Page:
The team of EPE tries to understand physiology as an evolved trait with fitness consequences, which can only be understood when animals are studied in their natural environment. This is supplemented with studies under controlled laboratory conditions, enabling a detailed understanding of the underlying physiological mechanism, and how these influence survival and reproduction. The principal aim of the Evolutionary Eco-Physiology team is to understand how organisms cope with arising trade-offs (I. mechanisms) and the resulting fitness consequences (II. evolution). These trade-offs are of different nature and are studied at different levels, from cell to organism to population. Hereby energy-based trade-offs have been recognised as one of the principal forces shaping life history strategies, because energy metabolism is at the crossroad of all vital functions of an organism. As such, evolutionary eco-physiology helps us to understand how animals (including humans) are succeeding in a changing word, and why they might fail, which is of high significance in a period of accelerated global change.
News of the EPE team can be found here
Stephane Blanc investigates muscle adaptations to mechanical workloads and their consequences on metabolic homeostasis in both humans and animals. He uses paradigms which target independently each variable of the energy balance equation such as spaceflights, bed rests, dry immersion, exercise training & detraining, hibernation and daily torpor. The long term objectives are 1) to determine key mechanisms leading to maladaptations (humans) versus adaptations (hibernating species) in response to low mechanical workload i.e. physical inactivity, 2) to determine stopovers for human space flight and planetary exploration, and 3) develop countermeasures that will prevent and /or reduce the observed negative effects.
Francois Criscuolo studies aging, a very complex and multi-factorial process that is largely variable, both at the inter-specific and at the inter-individual level. Understanding how the process of ageing shapes individual variability in performance and lifespan remains a corner-stone question in evolutionary biology. The main goal of his research is to contribute to a better understanding of the origin of the great diversity of ageing rates that results from evolution, by trying to uncover the mechanisms (i.e. molecular, cellular and physiological) that shape the life-history trade-offs in different environments.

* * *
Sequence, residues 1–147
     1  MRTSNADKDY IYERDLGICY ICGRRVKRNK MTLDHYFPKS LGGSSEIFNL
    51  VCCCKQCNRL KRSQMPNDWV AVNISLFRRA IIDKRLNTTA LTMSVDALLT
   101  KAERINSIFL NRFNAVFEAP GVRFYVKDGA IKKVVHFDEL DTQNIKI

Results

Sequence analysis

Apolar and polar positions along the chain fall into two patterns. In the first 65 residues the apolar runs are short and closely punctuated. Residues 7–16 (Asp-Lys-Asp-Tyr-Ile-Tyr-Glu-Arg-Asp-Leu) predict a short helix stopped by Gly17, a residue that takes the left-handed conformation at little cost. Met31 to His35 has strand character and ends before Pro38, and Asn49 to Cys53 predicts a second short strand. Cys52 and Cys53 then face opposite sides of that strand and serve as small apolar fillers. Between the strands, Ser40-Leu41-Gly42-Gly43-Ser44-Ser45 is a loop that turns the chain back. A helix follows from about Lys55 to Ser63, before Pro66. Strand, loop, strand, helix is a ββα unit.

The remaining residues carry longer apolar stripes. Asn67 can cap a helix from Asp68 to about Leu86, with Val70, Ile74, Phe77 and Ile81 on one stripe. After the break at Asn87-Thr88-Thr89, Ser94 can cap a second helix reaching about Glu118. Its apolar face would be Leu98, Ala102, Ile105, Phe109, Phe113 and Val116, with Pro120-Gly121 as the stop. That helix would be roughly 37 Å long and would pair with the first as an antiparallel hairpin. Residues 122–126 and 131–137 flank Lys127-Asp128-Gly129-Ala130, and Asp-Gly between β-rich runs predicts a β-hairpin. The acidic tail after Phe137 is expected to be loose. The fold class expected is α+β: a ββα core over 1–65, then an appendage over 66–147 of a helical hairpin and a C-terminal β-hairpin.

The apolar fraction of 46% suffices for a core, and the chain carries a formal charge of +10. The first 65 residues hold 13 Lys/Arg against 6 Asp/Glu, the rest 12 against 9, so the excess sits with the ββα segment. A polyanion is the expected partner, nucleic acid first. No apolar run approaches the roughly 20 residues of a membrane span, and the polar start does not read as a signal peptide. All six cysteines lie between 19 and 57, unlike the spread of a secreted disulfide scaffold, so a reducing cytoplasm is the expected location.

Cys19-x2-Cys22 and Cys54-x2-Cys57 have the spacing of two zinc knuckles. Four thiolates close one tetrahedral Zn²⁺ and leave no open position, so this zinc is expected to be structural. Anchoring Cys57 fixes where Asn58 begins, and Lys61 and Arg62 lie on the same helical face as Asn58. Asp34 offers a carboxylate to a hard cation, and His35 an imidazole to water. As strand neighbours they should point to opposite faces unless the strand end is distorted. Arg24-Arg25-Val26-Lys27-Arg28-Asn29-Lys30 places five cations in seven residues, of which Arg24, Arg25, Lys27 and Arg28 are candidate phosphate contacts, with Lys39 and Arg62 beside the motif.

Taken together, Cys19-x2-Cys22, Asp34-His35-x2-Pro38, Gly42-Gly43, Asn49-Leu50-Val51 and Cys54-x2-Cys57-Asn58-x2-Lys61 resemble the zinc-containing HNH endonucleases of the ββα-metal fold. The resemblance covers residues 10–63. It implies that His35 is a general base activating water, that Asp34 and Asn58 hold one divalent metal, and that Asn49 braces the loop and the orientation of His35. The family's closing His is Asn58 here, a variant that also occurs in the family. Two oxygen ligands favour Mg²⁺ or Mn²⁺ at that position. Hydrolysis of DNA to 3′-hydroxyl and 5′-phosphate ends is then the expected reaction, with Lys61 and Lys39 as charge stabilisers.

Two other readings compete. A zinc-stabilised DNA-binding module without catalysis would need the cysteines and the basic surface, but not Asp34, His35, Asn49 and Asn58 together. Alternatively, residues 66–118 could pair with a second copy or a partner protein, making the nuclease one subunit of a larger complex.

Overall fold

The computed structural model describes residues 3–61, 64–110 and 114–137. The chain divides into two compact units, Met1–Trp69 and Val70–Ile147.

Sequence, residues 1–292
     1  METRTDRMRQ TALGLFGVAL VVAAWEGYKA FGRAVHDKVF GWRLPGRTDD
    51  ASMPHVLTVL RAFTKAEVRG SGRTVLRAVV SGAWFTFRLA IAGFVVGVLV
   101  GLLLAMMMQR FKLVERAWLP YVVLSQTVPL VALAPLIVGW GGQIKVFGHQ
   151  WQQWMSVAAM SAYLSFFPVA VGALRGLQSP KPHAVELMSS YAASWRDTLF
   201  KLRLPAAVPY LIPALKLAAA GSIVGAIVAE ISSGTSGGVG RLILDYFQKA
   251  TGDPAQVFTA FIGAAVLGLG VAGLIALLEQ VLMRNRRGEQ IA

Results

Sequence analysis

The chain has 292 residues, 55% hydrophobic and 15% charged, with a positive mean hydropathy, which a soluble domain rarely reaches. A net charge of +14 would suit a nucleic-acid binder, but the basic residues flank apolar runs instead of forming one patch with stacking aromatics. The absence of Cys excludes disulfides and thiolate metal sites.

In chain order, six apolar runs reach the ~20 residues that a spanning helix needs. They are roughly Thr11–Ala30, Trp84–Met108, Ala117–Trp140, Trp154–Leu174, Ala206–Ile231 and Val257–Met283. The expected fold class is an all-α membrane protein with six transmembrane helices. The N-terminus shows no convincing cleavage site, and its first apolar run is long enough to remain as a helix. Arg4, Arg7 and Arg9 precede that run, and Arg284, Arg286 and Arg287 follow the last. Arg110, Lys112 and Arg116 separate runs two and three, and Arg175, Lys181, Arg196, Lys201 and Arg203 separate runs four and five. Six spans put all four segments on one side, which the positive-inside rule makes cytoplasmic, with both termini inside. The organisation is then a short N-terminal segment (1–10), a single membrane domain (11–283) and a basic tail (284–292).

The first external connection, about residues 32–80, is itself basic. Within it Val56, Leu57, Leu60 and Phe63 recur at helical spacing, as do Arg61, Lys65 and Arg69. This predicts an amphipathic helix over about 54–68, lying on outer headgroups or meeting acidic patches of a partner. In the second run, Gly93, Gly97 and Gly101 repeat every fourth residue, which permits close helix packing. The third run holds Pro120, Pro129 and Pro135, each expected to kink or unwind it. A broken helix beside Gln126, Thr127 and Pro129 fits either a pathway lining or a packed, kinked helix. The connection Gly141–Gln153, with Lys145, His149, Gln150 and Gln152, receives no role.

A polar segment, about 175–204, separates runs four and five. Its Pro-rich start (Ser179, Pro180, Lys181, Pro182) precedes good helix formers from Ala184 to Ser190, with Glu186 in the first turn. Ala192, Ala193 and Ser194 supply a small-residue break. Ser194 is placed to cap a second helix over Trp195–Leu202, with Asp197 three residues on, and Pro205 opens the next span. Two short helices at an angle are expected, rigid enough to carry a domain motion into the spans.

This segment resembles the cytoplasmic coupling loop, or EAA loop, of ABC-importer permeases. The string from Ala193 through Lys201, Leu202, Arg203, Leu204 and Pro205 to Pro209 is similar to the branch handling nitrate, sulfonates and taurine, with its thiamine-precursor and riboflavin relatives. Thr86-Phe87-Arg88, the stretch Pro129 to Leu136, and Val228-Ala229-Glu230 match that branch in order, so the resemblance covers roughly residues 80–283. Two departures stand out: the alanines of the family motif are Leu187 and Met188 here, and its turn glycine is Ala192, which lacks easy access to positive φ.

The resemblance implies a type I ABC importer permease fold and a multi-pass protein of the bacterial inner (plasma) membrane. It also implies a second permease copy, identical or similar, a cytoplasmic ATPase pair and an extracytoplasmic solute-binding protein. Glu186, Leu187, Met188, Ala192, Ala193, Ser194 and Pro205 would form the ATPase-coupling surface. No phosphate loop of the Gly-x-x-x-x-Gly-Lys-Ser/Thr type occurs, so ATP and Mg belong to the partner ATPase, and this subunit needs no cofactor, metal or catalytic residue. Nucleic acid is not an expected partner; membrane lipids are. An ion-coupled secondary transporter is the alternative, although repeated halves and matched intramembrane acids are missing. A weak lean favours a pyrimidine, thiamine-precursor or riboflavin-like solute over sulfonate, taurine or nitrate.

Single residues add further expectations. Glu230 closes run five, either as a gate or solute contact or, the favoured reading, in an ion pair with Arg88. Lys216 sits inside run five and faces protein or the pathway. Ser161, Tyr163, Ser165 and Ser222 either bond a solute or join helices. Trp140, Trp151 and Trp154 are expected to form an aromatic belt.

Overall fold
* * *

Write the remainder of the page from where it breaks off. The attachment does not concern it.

Jean-Yves Georges studies the comparative ecology of ectotherms in contrasted environments, focussing on physiological, behavioural and ecological flexibility in freshwater turtles. Research is developed in natural, introduced and reintroduced populations of local and exotic/invasive species to better understand the processes involved in individual survival, reproduction and population demography in these ectotherms in the context of global change. Based on a trans-disciplinary approach, he further aims to assess the global ecology of the socio-ecosystems freshwater turtles exploit in order to provide a scientific basis for the management of these habitats and species.
Sylvie Massemin’s first axis of research is to study the factors (such as climate, time and spatial-scale, age) affecting movements of birds (dispersion, partial migration) and the consequences in term of life-history traits. The second axis is to evaluate the pollution effect on ecological and physiological parameters in birds and investigate the pollution-senescence relationship.
Carsten Schradin wants to understand how animals can cope with a changing world via behavioral and physiological flexibility, which are a product of evolution. He is especially interested in how his study organism, African striped mice (Rhabdomys pumilio), can cope with droughts, which are predicted to increase in future in severity and frequency due to climate change.
Cédric Sueur Cédric Sueur is working on animal behaviour and specifically on social networking and decision-making in animal groups. He aims to understand how intrinsic characteristics such as age, stress, physiology or nutrient requirements might impact the group level properties. Cédric Sueur is at the head of a network entitled “Social Network Analysis in Animal Societies” linking about sixty experts in sociality and graph theory.